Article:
Can my girl friend still get First Home Owner Grant (FHOG) if I am the co-borrower who is not eligigle for FHOG?

So I previously owned a house but sold it already. So I am no longer eligible for FHOG.

But my girl friend still is.

This year we want to buy a house. But we are wondering if my girl friend can get FHOG if I am the co-borrower because her income is not enough to afford it.

We don't have any financial connections like joint bank account. We just live together. So technically, for me it is like a friend as a co-borrower? if that works?

Also I don't mind only putting her as the title of the house. Just wondering if later I can also add my name on it after we married?

Does anyone have any experience with this? Dose it work that way?


  • +6

    Doesn't work. Get her to apply in her name only.

    • +14

      Yes, putting the application (Thus the house) 100% in her name…..what could possibly go wrong???

    • +5

      Also most states require the person and their 'domestic partner' to have never owned a home before.

      • +5

        'domestic partner'

        Time to go International then..

  • +6

    I was in the same situation. We/i couldn't get it, unfortunately.

  • +3

    Save the relationship. Stay away.

    • +6

      Yeah, I wouldn’t be purchasing a house with anyone other than wife

      • Because you cant be in a committed relationship unless youre married. I completely get what youre trying to say. But its not the reality anymore

        • +4

          I think it is the clearly defined relationship and legal implications.

          • @tshow: Yeah I get that. But these days it seems to be the way that couples are going longer and longer before marriage and often get to the point of wanting to put money into a house before putting money into a wedding.

            I personally have a very close (couple) friend that did that about 2 months ago

            EDIT: and just cause you get married doesnt define that you wont break up - it just makes it significantly harder. Less paperwork if you only bought the house ;)

            • +4

              @k-rokfm: People can do without marriage. Some will have no problems.

              For every feel good story, there are those that end with years of litigation. Sure, divorces are also messy but they pale in comparison to dividing assets without any record of when a union was formed, financial standings before the union and potentially money from family.

              Just as I wouldn't build a house without all the approvals from council, a contract and written costs from the builder, insurance, etc. I wouldn't advise anyone to build a life around a "boyfriend girlfriend" relationship.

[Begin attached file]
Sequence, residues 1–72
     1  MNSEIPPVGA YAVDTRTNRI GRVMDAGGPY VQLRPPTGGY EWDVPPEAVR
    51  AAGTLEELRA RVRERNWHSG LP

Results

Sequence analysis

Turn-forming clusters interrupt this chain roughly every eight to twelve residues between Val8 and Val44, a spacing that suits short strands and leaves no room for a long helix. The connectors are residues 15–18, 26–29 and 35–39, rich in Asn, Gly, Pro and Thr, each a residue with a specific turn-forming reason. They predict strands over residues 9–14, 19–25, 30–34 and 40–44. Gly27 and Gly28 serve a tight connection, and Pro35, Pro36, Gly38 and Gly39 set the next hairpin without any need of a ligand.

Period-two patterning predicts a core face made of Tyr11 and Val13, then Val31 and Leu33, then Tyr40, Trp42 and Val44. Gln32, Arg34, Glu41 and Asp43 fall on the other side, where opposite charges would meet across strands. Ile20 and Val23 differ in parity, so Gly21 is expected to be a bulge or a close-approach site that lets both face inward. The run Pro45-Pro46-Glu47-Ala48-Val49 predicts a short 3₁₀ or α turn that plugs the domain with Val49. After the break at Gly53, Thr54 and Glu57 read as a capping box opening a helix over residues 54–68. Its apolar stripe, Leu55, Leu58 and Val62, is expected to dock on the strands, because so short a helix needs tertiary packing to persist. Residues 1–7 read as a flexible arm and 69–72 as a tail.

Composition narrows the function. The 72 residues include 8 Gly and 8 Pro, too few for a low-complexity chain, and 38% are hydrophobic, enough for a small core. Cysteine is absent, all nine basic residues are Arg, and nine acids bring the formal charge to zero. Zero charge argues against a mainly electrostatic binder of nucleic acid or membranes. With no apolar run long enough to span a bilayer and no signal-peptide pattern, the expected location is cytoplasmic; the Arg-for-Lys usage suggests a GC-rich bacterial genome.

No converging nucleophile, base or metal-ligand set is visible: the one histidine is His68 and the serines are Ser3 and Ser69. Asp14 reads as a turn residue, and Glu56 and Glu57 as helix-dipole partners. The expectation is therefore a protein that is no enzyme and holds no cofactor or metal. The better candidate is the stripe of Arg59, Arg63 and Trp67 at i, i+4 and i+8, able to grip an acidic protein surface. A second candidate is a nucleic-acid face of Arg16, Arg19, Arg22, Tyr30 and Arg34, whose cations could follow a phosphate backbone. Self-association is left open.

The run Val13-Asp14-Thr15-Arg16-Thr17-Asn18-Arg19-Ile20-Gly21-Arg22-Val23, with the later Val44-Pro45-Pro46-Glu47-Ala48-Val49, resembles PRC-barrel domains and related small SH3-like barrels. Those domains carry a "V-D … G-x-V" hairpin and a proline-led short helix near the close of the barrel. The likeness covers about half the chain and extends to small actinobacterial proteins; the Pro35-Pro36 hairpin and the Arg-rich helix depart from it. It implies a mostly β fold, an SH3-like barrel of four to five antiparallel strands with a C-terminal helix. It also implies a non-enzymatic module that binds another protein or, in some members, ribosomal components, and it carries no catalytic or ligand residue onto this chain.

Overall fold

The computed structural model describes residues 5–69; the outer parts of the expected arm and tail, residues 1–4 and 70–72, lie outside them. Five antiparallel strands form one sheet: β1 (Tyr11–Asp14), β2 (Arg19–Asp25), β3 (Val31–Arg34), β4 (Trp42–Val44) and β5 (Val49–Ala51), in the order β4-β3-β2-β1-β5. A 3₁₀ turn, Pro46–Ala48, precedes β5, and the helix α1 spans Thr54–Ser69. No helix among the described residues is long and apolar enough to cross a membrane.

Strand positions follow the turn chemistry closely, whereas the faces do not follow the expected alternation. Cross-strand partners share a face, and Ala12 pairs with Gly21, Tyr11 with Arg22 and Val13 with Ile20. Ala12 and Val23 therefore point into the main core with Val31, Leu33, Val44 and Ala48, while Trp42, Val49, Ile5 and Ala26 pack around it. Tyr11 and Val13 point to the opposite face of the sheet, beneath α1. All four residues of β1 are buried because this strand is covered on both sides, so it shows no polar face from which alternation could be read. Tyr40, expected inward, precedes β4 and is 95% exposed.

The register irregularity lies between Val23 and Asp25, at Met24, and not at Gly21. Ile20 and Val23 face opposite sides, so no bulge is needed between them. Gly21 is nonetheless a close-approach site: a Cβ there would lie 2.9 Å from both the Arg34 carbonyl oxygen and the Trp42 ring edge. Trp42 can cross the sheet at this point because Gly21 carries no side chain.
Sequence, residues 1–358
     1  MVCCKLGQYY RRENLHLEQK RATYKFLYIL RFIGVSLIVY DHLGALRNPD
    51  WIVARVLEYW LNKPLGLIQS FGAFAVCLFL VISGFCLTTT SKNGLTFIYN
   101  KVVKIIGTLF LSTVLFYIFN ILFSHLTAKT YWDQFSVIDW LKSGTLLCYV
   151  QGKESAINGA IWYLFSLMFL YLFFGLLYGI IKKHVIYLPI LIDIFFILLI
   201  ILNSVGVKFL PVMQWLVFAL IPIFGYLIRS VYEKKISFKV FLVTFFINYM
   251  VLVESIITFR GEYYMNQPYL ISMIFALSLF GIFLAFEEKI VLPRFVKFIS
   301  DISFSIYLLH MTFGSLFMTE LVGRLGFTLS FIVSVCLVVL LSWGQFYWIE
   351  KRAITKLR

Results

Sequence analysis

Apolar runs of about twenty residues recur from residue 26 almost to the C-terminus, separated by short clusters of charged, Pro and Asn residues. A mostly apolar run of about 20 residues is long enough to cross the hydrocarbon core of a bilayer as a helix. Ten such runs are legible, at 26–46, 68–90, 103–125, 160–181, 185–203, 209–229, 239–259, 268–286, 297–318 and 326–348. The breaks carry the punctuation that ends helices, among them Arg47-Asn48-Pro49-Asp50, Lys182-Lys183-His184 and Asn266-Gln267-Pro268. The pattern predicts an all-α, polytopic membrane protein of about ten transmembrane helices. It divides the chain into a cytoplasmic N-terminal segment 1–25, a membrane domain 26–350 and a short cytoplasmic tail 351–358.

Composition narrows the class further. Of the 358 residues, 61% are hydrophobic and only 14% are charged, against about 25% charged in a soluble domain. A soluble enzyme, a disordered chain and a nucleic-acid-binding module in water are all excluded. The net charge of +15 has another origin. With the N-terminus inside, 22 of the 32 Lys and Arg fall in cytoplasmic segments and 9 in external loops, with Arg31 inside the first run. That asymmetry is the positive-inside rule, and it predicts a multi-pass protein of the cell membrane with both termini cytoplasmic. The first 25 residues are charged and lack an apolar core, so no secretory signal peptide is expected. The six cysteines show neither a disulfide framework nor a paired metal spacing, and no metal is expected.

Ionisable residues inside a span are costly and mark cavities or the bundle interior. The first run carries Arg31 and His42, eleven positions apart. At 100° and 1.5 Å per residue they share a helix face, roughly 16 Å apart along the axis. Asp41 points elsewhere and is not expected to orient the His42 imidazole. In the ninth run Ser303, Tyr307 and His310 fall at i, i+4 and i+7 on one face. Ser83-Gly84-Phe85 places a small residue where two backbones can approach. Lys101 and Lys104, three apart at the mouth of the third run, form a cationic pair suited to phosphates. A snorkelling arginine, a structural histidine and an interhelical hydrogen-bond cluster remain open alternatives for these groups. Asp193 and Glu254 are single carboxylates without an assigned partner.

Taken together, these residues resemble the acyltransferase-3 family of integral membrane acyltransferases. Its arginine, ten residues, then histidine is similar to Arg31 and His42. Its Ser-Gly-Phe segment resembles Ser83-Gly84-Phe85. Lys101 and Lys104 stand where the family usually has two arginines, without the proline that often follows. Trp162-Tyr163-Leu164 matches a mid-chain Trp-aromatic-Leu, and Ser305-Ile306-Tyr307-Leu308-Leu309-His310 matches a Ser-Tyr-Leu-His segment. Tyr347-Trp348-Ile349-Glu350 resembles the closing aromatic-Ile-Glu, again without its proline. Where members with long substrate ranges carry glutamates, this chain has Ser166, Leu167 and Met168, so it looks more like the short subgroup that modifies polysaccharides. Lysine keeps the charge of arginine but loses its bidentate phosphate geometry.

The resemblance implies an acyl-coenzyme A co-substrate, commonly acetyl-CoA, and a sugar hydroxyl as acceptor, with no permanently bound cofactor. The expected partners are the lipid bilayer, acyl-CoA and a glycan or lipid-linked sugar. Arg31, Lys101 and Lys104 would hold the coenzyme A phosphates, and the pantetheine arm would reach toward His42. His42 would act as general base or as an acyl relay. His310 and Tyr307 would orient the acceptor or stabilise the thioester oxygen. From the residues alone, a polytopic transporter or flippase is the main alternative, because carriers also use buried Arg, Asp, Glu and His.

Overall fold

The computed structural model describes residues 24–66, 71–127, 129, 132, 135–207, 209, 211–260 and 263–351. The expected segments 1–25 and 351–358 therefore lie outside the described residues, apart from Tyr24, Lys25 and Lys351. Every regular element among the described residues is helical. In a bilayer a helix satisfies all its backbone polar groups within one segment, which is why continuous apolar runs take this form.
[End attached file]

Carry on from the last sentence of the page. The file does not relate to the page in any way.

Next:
• +2

        After 24 months living together, you're in a de facto relationship, which means you are 'married'.

        • +1

          This is not true. The length of the relationship is only one factor, but there is no determined time period. There are many other factors that determine the relationship to be defacto.

          (scroll down to "4AA De facto relationships")

          This does not mean you are "married", but a lot of the legislation for defacto relationships is the same as being married.

  • +1

    This can only end well!

  • +1

    Not sure if you can be a co borrower if you are not on the title.

    A guarantor maybe but don't do it.

    Also, are you de facto partners? If so, she might not be eligible.

    • Just for clarification, you can certainly be a co-borrowers and not be on the title.

      Whether it's a good idea or not is an entirely different matter.

      But lets face it, she'll be keeping the house whether he stays or not, whether they get married or not.
      So long as he realises that going in.

  • +1

    Don't think you'll be eligible for any government grants, but check out St.George's first home buyer offer:

    For joint applications, only one applicant needs to be a first home buyer

    Good luck

  • Run far away!

    The bank usually takes into account both people being on the title and both being able to make repayments over a long period.

    If you are much older it isn't going to work out.

    • +1

      If you are much older it isn't going to work out.

      Live with a younger woman who owns a house. Sounds like a well cared for / kept man / woman. Sounds like a win!

  • No

  • +1

    It's a trap!

  • +4

    in a few months: my ex-gf stole my house how do i get it back?

    • +1

      The ozbargain circle of life. Likely to be followed by 'I smashed my car because I couldn;t afford insurance because my ex-gf stole my house…what should I do'?

  • +2

    It does not work that way. I recently was in a situation where I had someone willing to be a co-borrower but not be on the title. I was told that a bank will only consider a co-borrower if they are also on the title, to the extent of the borrowing. E.g., if someone is only co-borrower for 20%, they also need to be 20% owner.

    Another way is to become what is known as a guarator. But you will again run into a problem because a guarantor needs to be a immediate family member (sibling/parent) or a spouse.

    So the short answer, no you can't do it in a way where your girlfriend benefits from the FHOG if you are somehow involved in the deal.